KAMPALA, Uganda — Yoweri Museveni, the president of this landlocked republic, is presenting the United States and the West with an agonizing dilemma. Simply put, he has proven himself to be one of Africa’s most successful rulers during his 19 years in office, and now he won’t go away.
Museveni came to office at the head of a rebel army that marched into the capital in January 1986, ending a series of brutal dictatorships under the likes of Idi Amin and Milton Obote. Since then he has fostered one of Africa’s liveliest political cultures, with an outspoken press and an earnest, vocal opposition. Economic growth has been a steady 6% a year, and literacy is on the rise. Museveni’s dedication to market reforms and international cooperation has made him a darling of the West and a regular visitor in Washington.
Most impressive, he has led the most successful anti-AIDS campaign in the developing world. The estimated rate of HIV infection in Uganda’s population dropped from 15% in 1992 to just 6% in 2002. By contrast, an estimated one-fourth of South Africans are believed to be infected with HIV.
Museveni’s record is hardly spotless. A civil war has been raging in the country’s northern provinces for nearly two decades, driven by a mystical Christian militia known for abducting and mutilating children. Nearly 80% of the northern region’s estimated 2 million people have been forced into wretched displacement camps, one of Africa’s most glaring and least-discussed humanitarian crises.
For better or worse, however, the northern conflict has scarcely affected the rest of this nation of 25 million. Nor, it seems, has it damaged Museveni’s reputation at home and abroad for good governance.
Now, it appears, Museveni is so taken with his own success that he has decided he is the only one for the job. He is currently touting an amendment to the constitution he enacted a decade ago, lifting the presidential term limit so he can run for a third time in March 2006. With strong support in the rural regions, he would likely be reelected in a free election, most observers agree. And since he is only 61, it is conceivable that even a third five-year term won’t be his last.
The challenge to the constitution — originally seen as model of African democracy — is proving intensely embarrassing to his Western allies.
If he stays on, critics warn, the heart of his democratic legacy will be jeopardized. But if he is forced to step aside, his supporters say, the country could be plunged back into the violence that preceded him.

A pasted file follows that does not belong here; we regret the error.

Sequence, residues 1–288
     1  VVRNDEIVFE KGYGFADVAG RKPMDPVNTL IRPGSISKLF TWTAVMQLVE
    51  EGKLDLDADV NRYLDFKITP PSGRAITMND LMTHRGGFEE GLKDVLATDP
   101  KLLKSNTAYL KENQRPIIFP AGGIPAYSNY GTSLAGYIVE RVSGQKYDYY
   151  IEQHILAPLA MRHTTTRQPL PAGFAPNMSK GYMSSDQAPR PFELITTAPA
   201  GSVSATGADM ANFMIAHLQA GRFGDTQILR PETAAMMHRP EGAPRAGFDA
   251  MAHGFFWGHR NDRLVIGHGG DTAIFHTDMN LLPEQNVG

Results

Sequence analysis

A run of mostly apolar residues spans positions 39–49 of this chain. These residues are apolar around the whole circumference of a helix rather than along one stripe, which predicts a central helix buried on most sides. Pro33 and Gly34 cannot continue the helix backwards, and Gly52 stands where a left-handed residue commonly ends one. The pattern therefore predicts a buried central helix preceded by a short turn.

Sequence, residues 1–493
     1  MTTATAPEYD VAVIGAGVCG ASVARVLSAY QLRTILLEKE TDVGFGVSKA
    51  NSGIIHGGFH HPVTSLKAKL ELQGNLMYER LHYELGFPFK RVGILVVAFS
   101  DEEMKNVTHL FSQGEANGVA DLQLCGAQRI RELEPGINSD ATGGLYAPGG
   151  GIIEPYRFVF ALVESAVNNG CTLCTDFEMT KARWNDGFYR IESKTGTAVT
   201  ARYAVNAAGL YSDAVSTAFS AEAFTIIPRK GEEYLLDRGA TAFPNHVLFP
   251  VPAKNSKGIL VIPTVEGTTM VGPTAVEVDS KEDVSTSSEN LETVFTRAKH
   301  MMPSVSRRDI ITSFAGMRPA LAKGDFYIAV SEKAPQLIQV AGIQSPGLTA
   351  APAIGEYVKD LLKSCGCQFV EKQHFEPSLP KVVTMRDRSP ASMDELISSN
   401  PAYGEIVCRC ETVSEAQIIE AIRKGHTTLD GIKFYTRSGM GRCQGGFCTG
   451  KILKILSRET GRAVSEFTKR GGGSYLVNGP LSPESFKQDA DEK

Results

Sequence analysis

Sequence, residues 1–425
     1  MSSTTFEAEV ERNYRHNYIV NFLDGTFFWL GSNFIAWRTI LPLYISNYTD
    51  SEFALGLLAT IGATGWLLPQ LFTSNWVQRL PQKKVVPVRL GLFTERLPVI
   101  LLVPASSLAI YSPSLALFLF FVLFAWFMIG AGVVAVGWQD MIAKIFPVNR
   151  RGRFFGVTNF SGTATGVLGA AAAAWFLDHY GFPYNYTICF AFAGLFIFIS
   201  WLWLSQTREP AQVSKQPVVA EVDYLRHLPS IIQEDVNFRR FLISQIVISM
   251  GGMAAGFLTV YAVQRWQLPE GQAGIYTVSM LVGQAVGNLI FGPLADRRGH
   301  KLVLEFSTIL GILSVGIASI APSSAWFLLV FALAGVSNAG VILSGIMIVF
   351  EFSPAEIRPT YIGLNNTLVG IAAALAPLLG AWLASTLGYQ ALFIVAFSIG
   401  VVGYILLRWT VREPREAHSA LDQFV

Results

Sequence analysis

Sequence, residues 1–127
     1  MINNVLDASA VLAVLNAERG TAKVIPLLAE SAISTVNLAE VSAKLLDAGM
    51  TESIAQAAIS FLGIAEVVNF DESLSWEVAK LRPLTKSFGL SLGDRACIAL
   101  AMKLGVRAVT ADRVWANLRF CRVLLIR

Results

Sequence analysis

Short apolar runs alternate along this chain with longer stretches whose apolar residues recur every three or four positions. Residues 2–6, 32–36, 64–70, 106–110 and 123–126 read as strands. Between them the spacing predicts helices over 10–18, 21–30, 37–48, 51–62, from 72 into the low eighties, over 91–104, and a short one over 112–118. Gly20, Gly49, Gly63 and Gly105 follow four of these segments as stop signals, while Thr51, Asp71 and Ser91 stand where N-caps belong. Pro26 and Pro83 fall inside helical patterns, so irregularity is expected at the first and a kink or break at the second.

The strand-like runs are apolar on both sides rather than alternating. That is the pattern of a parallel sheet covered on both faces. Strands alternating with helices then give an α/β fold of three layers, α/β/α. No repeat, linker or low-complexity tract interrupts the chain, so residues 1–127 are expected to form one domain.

“Because he changed his mind, the whole country will bear the consequences,” said a diplomat with long experience in the region. “The writing is on the wall.”
The dilemma of stability versus democracy has become a matter of intense urgency since the Bush administration proclaimed the spread of freedom and democracy as the axis of its second-term foreign policy earlier this year. The quandary has only deepened since one of the policy’s key advocates, former deputy defense secretary Paul Wolfowitz, was named head of the World Bank last month.
While most of the debate has centered on Muslim countries such as Egypt and Pakistan, Uganda offers an powerful example of how promoting democracy can jeopardize a successful experiment in a region where there have been few successes.
Museveni’s third-term ambitions have come under criticism in the past year from a range of predictable sources, including Human Rights Watch and the Irish rock star-hunger activist Bob Geldof. The State Department has scored the proposed constitutional amendment in its last two human rights reports. The latest report, issued last month, warned that “democratization could suffer a setback” if Museveni’s National Resistance Movement “succeeds in removing presidential term limits from the constitution.”
American officials say that if Museveni sidesteps the constitution, the “quality” of the bilateral relationship will be altered, without offering details. Western diplomats say foreign aid, which makes up half of Uganda’s budget, would likely decrease if Museveni is on the ballot next March.
But while the American and British ambassadors in Kampala have privately told Museveni he should step down — President Bush raised the issue during a visit here in July 2003 — no senior Western political figure has spoken out in public, reflecting American and European ambivalence toward one of Africa’s few success stories.